In April, the Bureau of Prisons (BOP) issued a notice stating they were looking to increase the number of beds in Criminal Alien Requirement (CAR) facilities. These facilities are operated by private prison companies and are used to incarcerate non-citizen immigrants who are mostly convicted of low-level drug offenses or civil immigration offenses. In the U.S. there are 11 such facilities, operated by three private companies: CoreCivic (formerly Corrections Corporation of America), the GEO Group, and Management and Training Corporation. The addition of over 1,500 beds would take the overall population of immigrants in CAR prisons to over 22,000.

This shift is the opposite of what the Obama administration planned for the future of these federal prisons. Last August, then Deputy Attorney General Sally Yates released a memo stating that the DOJ would begin to phase out the use of private prisons in the federal prison system. The original goal from the Obama administration was to reduce 7,000 beds by May 1st. That memo and plan was overturned by Attorney General Jeff Sessions, who rescinded Yates’ previous memo.

Since then, private prison companies have been expanding their operations. The GEO Group, one of the largest for-profit prison companies, was recently awarded a contract for a new, 1,000-bed detention center that will cost over $100 million to construct and operate. There have also been multiple examples of counties looking to expand their jail capacity or reopen closed immigration facilities.

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State Senator accused of accepting bribes from private companies

Federal prosecutors have indicted state Sen. Carlos Uresti for accepting bribes from a private prison medical contractor, reports the San Antonio Current.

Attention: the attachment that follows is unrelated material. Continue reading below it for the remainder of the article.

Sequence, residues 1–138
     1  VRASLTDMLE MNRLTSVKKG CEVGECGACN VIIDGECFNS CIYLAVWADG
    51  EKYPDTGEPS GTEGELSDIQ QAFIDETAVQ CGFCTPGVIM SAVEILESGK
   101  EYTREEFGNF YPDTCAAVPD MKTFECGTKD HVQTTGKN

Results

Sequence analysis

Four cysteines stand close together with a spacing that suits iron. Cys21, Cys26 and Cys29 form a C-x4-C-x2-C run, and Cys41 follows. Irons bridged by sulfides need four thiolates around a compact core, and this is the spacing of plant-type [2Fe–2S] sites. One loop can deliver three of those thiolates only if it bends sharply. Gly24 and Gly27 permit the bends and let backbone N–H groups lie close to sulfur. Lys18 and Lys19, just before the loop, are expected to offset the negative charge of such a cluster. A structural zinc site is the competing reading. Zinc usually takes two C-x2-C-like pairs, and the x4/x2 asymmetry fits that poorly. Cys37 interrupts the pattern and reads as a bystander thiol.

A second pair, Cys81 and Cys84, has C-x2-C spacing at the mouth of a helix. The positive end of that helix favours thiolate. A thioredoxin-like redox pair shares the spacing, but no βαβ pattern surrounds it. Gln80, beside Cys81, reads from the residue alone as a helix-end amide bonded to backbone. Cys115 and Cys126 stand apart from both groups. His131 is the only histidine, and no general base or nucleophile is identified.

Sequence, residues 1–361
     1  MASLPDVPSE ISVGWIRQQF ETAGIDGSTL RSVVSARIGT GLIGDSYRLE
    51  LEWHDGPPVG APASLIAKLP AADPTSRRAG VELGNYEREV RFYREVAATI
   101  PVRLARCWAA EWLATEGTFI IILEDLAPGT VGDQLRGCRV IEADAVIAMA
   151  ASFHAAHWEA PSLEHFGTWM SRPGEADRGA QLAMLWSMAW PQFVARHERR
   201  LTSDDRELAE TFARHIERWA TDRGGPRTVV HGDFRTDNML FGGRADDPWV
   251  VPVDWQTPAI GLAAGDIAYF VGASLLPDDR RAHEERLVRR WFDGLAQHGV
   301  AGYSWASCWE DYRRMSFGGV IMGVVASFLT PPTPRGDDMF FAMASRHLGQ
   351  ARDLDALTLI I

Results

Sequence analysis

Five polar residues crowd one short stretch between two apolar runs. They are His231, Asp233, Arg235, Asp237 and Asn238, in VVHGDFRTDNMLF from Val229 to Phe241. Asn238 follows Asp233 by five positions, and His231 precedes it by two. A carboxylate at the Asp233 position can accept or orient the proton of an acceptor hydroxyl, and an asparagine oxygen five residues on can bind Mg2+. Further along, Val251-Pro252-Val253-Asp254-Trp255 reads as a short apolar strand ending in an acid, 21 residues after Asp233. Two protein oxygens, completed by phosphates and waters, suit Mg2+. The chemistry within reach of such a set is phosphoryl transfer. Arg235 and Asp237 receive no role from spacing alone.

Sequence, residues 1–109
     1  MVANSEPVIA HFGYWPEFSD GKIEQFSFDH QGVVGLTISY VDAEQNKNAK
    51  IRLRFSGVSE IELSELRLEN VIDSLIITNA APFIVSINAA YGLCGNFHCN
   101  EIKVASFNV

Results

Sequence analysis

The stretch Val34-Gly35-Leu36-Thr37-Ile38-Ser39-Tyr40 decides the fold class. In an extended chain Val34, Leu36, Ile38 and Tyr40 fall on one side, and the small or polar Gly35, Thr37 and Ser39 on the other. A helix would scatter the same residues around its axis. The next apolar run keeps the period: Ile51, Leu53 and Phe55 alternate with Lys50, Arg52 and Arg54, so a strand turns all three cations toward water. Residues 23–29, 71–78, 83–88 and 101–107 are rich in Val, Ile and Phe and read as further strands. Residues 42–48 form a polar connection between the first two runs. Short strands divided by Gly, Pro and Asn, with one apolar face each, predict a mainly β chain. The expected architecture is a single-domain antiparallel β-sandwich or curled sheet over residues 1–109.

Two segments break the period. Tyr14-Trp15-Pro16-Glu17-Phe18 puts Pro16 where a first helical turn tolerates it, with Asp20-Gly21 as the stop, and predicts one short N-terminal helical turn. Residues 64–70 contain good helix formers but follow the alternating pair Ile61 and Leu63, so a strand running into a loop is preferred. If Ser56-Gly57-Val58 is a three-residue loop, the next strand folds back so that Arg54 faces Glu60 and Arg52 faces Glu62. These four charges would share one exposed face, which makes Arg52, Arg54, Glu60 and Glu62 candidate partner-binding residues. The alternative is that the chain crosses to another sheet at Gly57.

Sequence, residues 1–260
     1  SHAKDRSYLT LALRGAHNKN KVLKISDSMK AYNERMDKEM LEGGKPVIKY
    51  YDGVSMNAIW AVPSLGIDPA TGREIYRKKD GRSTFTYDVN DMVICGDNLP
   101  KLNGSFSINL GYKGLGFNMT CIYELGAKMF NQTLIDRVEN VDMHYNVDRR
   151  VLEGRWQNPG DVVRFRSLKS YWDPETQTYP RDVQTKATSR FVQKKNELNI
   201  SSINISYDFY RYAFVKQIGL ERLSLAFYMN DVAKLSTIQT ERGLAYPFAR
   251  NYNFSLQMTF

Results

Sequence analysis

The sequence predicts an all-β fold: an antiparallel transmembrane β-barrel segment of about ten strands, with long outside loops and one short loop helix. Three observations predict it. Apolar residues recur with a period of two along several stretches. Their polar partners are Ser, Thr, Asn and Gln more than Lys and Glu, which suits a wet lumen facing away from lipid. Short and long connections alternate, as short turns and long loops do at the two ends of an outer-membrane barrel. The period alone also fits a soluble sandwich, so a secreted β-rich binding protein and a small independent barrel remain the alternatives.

Federal prosecutors revealed last week that the senator had been involved in a lawsuit against the Reeves County Detention Center following the death of Jesus Manuel Galindo. When Galindo was first detained in the facility, he told prison staff that he had a history of epileptic seizures. He complained about not receiving his medication and ended up in solitary confinement. He begged to guards to not put him into solitary in case of another seizure. The ACLU, which sued on behalf of Galindo's family, listed Physicians Network Associates (PNA) as a defendant. PNA was the private medical company that the detention center had contracted with to provide their medical care.

After Reeves County won the contract to work with the Bureau of Prisons, they needed to find a medical provider for the prisoners. The indictment claims that Jimmy Galindo, then a judge in Reeves County, agreed to push through the contract for the PNA to work at the Reeves County Detention Center in return for kickbacks. It is then believed that Sen. Uresti was brought in to act as a middleman for PNA and Judge Galindo. The lawsuit alleges that PNA and its successor companies paid Uresti $10,000 each month from September 2006 to September 2016. It is believed he pocketed half of the money and gave the rest to Jimmy Galindo.

It is particularly upsetting knowing that state officials profited off the Reeves Detention Center, which has a history of denying access to attorneys, riots, and the death of prisoners in their custody.